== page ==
In the week leading up to the events at the congress, separate protests had been held near the Grasberg mine. While these protests were isolated, the incidents share the same underlying roots and grievances. ‘We’re being exploited by Indonesia and these international companies,’ says one protest leader. Their main demand was a rise in wages. Each miner receives only $1.50 per hour, from a company that is the biggest taxpayer to the Indonesian government and has such high profits that the strikes cost the company over $30 million every day.
While the Indonesian government and international companies make profits from natural resources on the island, the local Papuans live in abject poverty. The United Nations Development Programme says about 35 percent of West Papua’s population lives below the poverty line, contrasting with an Indonesian national average of about 13 percent. According to the United Nations Children’s Fund, secondary school enrolment in Papua is only 60 percent, compared with a national average of 91 percent. And, as more companies come to the islanders, bringing non-Papuans, the situation isn’t expected to improve.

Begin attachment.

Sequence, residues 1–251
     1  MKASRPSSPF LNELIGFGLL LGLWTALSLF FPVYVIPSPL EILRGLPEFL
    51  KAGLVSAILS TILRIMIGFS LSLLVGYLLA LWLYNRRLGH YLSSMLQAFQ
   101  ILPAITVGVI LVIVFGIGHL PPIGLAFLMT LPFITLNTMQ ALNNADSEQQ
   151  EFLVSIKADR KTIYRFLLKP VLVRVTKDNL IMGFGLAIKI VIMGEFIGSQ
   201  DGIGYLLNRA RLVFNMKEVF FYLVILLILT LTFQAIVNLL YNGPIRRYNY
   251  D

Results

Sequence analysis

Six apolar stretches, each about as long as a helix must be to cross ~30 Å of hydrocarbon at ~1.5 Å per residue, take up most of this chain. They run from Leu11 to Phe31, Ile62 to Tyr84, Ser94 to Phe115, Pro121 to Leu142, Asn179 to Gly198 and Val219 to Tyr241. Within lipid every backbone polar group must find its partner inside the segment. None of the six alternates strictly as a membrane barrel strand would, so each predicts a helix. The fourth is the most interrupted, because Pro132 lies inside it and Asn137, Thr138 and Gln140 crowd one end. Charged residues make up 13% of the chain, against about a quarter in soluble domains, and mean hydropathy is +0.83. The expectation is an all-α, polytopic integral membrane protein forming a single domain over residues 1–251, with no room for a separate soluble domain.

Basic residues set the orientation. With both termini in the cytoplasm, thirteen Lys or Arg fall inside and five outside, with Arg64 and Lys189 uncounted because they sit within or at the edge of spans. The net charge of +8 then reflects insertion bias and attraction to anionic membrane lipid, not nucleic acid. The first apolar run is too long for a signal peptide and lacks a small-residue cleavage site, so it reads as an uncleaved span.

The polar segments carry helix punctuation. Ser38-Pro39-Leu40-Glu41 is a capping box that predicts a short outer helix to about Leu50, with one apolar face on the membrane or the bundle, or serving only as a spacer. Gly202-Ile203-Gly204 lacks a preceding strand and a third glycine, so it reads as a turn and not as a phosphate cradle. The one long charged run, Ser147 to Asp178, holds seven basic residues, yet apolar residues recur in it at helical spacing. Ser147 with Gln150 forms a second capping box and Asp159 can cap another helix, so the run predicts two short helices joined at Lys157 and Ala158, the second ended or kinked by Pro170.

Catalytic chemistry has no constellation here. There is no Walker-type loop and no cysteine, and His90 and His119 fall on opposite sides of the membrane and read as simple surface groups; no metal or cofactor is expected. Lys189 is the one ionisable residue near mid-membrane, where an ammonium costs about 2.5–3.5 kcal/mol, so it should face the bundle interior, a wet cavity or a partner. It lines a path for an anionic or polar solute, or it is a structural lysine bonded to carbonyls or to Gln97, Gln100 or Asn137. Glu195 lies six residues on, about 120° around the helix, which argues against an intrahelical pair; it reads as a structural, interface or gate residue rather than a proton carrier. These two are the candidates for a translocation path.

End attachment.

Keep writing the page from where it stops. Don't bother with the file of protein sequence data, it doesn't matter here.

According to Jago Wadley, senior forest campaigner for the Environmental Investigation Agency, if the fast rate of resource extraction continues, Papua will ‘lose millions of hectares of forests and be stripped of valuable resources without the benefits of value-adding industries to create wealth and jobs locally.’ Instead, only foreign companies, Jakarta and a small group of Papuan elites will benefit. Wadley adds that the rising interest in Papua’s resources ‘will see an influx of millions of migrants from other parts of Indonesia, likely limiting indigenous Papuans to a tiny minority in their own land.’ Some commentators, he notes, see the rapid development as ‘politically ideological in its aims’ and an ‘effective foil to calls for independence.’